To decide whether evidence of eligibility for Medicaid is admissible to mitigate damages, we must first ask the question: is Medicaid a collateral source? Medicaid is paid for in part by the defendant District of Columbia and in part by the federal government. In Jacobs, supra, the court held that reimbursement from a third party who is independent of the wrongdoer is from a collateral source. But, this leaves open the question of whether a source only partially independent of the wrongdoer is also a collateral source.

When the compensation comes from someone other than the defendant, the situation is clear and courts generally deem such compensation to be collateral. The fact that it comes in part from the defendant tortfeasor does not itself preclude the possibility that it is from a collateral source. Because of the nature of the source, the *779 defendant may not be paying twice for the same injury. However, when compensation does come in part from the defendant, it is a close question as to whether the source is collateral.

In the case of United States v. Price, 288 F.2d 448 (4th Cir. 1961), a civil employee of a Naval shipyard was injured through the negligence of the defendant, the United States. Defendant sought to have plaintiff's receipt of benefits under the Civil Service Retirement Act mitigate damages. The court in Price held that the Civil Service Retirement Act was a collateral source and not admissible to mitigate damages because (1) the CSRA is funded in large part by contributions of employees such as the plaintiff, (2) the benefits are payable because of disability and not for tort liability, and (3) the benefits come from a separate fund created for the benefit of the employees and not from the general revenues as do tort damages.

In the instant case, Medicaid is funded in very small part by the class of eligible people (which may be analogized to the class of employees in Price). But like the situation in Price, the benefits from Medicaid are not paid in anticipation of tort liability but only on account of medical injuries and financial need. Also, Medicaid does not come from the general revenues of the District of Columbia but from a special fund created for the recipient class of Medicaid eligible people. (See, e. g., Pub.L.No. 94-333, 90 Stat. 785.)

In Russo, supra, plaintiff brought suit under the Jones Act for negligence on the part of his employer, Matson Navigation. Plaintiff was receiving $300 per month as a disability retirement pension pursuant to an agreement between the Pacific Maritime Association, to which defendant belonged, and plaintiff's union, the Seafarer's International Union of North America. Defendant wished to have its liability setoff by the present value of the pension. The court held that the pension was from a collateral source because (1) the pension although paid for by the defendant, was not received on account of the injury but rather as a fringe benefit of employment or a type of deferred compensation for services rendered, and (2) benefits under the pension plan may be claimed as a matter of right without regard to the liability of the employer.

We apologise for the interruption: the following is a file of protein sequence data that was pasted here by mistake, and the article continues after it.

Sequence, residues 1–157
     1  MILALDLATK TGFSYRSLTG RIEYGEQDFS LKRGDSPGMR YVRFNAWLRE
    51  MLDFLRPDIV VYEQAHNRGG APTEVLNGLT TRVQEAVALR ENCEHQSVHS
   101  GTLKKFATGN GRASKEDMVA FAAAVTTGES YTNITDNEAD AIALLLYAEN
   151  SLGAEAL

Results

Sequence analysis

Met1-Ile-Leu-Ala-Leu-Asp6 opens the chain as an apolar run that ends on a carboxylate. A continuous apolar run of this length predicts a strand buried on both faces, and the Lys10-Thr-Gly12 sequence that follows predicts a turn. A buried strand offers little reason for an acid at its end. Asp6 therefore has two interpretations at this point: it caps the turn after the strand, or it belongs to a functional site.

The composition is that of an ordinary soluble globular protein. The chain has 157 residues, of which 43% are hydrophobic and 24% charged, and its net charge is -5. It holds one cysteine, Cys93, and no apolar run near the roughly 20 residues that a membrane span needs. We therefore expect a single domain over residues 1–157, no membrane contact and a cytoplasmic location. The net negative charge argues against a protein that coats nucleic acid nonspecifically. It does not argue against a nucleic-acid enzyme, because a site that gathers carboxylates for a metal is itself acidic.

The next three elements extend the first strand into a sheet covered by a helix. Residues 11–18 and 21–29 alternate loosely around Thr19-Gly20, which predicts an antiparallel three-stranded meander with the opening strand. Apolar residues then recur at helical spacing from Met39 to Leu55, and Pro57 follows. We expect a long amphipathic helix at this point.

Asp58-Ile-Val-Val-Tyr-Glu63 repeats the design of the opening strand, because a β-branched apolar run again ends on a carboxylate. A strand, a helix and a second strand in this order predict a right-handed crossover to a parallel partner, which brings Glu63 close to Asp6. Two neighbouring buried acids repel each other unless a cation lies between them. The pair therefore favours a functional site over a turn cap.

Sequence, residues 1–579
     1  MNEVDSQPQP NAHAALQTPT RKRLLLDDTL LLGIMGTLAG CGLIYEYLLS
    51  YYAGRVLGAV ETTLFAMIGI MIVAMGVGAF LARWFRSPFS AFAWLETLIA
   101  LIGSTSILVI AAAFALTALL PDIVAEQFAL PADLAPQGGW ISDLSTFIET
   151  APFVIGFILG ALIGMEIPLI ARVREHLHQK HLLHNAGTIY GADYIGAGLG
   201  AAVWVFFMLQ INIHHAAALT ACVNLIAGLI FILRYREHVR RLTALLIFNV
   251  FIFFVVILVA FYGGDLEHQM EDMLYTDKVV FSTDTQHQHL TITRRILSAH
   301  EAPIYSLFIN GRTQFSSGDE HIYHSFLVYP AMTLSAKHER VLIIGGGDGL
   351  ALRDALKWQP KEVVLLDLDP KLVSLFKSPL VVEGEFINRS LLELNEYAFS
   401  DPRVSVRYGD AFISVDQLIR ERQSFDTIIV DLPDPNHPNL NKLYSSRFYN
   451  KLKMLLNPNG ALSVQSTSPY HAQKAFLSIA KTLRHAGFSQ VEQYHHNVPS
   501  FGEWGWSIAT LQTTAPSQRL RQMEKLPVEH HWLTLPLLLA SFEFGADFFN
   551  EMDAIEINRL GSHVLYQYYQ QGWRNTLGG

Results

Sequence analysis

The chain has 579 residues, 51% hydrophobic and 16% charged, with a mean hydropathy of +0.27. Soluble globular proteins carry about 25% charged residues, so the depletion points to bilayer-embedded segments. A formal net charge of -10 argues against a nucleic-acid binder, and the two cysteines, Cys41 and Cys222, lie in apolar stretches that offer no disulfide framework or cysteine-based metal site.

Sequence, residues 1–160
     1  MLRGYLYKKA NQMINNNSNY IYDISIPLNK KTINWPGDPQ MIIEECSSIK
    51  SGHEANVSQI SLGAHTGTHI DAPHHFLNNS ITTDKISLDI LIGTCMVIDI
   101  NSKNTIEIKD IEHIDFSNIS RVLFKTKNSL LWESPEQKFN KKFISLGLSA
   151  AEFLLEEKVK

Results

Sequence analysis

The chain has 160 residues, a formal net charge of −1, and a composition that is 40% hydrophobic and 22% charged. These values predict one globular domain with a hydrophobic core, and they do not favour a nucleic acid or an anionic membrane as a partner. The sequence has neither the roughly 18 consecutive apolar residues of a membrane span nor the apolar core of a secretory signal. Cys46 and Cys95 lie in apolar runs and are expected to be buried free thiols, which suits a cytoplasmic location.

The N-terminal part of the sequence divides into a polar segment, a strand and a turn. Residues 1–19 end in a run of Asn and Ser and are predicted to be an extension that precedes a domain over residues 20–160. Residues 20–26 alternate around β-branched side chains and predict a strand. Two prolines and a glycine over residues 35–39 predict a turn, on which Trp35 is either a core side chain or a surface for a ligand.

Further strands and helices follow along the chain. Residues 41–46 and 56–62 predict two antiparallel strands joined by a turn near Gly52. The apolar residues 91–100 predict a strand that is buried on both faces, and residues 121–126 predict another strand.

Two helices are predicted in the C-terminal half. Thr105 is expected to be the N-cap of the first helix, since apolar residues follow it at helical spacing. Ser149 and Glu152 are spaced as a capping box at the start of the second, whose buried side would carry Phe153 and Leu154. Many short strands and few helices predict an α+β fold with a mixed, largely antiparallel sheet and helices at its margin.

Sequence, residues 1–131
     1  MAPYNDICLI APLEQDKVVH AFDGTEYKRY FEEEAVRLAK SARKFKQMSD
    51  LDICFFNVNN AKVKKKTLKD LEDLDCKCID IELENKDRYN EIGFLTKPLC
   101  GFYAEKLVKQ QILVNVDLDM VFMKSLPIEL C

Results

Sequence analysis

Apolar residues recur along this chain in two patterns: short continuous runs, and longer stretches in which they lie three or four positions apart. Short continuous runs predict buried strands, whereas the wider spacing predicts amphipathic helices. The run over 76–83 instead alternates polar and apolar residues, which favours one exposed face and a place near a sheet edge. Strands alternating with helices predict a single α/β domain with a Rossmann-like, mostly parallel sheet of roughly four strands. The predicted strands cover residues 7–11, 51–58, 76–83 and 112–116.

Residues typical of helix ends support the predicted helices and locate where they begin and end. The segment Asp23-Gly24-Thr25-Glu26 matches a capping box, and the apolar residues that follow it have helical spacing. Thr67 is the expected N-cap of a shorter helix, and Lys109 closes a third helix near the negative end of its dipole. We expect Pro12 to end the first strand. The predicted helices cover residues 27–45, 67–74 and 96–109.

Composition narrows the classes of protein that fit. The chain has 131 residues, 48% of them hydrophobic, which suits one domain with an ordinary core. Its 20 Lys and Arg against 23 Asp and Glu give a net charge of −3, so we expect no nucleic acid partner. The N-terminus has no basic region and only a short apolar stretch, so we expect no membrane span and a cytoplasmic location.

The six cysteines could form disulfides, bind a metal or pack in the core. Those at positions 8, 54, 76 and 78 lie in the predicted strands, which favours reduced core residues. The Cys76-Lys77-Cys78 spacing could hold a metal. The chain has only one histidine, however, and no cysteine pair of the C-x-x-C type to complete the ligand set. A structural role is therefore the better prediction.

Medicaid is not a type of compensation for services rendered, although it may be viewed as a fringe benefit of citizenship, and it may be claimed as a matter of right without regard to liability on the part of the District of Columbia.

In Bradshaw v. United States, 143 U.S. App.D.C. 344, 443 F.2d 759 (1971), a Metropolitan Police Department officer was hit by a vehicle belonging to the defendant, the United States. Hospitalization and disability retirement pay were received by the plaintiff from his employer, the District of Columbia. Defendant claimed that these payments were not from a collateral source since the United States paid substantial sums into the fund from which the payments were made. The appeals court found that the source was collateral because most of the money in the fund came from the District of Columbia revenues and employee contributions.

Medicaid is paid for mostly by the federal government; the defendant District of Columbia pays between seventeen and fifty percent of the cost of Medicaid, depending on the per capita income of the District relative to the nation as a whole. (See Pub.L.No.90-227, 1967 U.S.Code Cong. & Admin.News, p. 829, 81 Stat. 744 and 42 U.S.C. 1396d). However, as noted above, the contributions of the recipient class are very small.

Because Medicaid was established to provide health services for the indigent and not to compensate for tort liability, because Medicaid payments may be claimed by plaintiff as a matter of right and independent of any liability on the part of the defendant, and because most of the funding for Medicaid comes from a third party, we hold that Medicaid payments come from a collateral source and are not admissible to mitigate damages.

*780 Although the collateral source rule is almost universally accepted, there have been attempts to have evidence of a collateral source admitted as probative of other issues.

In Eichel v. New York Central Railroad Company, 375 U.S. 253, 84 S. Ct. 316, 11 L. Ed. 2d 307 (1963), an employee of the Railroad was injured by the negligence of the defendant Railroad. The Railroad offered evidence of a disability pension which plaintiff was receiving, for the purpose of impeaching the testimony of the plaintiff as to his motive for not returning to work and as to the permanency of his injuries. The Supreme Court ruled that the likelihood of misuse by the jury clearly outweighed the value of the evidence.